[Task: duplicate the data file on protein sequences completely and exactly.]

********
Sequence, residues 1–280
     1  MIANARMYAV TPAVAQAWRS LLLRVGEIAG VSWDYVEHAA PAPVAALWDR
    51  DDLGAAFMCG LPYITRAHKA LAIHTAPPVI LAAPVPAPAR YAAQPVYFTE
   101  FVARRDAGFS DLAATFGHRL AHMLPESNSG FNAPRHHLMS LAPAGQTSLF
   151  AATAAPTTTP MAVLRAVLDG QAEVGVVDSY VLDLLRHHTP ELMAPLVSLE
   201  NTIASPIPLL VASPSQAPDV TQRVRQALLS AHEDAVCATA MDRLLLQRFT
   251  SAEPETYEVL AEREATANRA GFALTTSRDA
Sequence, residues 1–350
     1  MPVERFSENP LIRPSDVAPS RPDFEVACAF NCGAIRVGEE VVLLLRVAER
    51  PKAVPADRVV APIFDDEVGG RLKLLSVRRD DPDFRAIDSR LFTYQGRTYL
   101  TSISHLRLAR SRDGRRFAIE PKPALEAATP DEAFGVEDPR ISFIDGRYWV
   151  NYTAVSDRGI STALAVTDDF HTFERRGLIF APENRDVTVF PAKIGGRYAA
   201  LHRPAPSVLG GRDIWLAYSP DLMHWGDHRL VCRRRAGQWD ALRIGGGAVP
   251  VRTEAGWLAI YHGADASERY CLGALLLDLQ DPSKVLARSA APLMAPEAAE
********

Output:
Sequence, residues 1–280
     1  MIANARMYAV TPAVAQAWRS LLLRVGEIAG VSWDYVEHAA PAPVAALWDR
    51  DDLGAAFMCG LPYITRAHKA LAIHTAPPVI LAAPVPAPAR YAAQPVYFTE
   101  FVARRDAGFS DLAATFGHRL AHMLPESNSG FNAPRHHLMS LAPAGQTSLF
   151  AATAAPTTTP MAVLRAVLDG QAEVGVVDSY VLDLLRHHTP ELMAPLVSLE
   201  NTIASPIPLL VASPSQAPDV TQRVRQALLS AHEDAVCATA MDRLLLQRFT
   251  SAEPETYEVL AEREATANRA GFALTTSRDA
Sequence, residues 1–350
     1  MPVERFSENP LIRPSDVAPS RPDFEVACAF NCGAIRVGEE VVLLLRVAER
    51  PKAVPADRVV APIFDDEVGG RLKLLSVRRD DPDFRAIDSR LFTYQGRTYL
   101  TSISHLRLAR SRDGRRFAIE PKPALEAATP DEAFGVEDPR ISFIDGRYWV
   151  NYTAVSDRGI STALAVTDDF HTFERRGLIF APENRDVTVF PAKIGGRYAA
   201  LHRPAPSVLG GRDIWLAYSP DLMHWGDHRL VCRRRAGQWD ALRIGGGAVP
   251  VRTEAGWLAI YHGADASERY CLGALLLDLQ DPSKVLARSA APLMAPEAAE